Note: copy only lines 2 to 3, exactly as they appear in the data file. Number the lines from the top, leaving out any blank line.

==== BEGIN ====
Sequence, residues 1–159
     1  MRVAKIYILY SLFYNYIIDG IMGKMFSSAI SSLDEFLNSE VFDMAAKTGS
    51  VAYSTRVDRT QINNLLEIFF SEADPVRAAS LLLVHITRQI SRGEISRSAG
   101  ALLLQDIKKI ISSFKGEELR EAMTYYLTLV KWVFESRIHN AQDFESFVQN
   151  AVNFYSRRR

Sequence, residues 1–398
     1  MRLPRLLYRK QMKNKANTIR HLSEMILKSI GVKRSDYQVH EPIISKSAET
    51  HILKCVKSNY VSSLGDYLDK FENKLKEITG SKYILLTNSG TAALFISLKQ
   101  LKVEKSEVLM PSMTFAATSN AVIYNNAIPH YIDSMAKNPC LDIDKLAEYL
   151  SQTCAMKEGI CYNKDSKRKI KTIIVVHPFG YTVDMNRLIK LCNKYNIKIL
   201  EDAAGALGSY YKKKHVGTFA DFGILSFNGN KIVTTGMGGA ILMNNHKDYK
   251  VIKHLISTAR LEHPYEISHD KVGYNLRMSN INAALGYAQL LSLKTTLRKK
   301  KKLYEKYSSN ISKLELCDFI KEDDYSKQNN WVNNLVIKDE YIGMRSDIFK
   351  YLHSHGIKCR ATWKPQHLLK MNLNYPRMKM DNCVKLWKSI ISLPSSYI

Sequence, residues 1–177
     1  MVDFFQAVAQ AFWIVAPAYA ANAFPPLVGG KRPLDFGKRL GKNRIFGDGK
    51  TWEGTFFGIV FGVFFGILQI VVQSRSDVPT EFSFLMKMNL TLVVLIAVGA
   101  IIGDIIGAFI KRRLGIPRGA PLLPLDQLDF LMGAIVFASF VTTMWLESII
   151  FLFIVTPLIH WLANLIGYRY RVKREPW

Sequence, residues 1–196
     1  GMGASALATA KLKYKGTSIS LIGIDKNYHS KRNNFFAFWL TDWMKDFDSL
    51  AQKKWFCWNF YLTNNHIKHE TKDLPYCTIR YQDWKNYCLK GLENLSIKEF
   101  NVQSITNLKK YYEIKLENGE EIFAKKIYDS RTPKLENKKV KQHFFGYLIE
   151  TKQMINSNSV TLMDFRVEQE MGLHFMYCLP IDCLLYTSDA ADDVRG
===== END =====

     1  MRVAKIYILY SLFYNYIIDG IMGKMFSSAI SSLDEFLNSE VFDMAAKTGS
    51  VAYSTRVDRT QINNLLEIFF SEADPVRAAS LLLVHITRQI SRGEISRSAG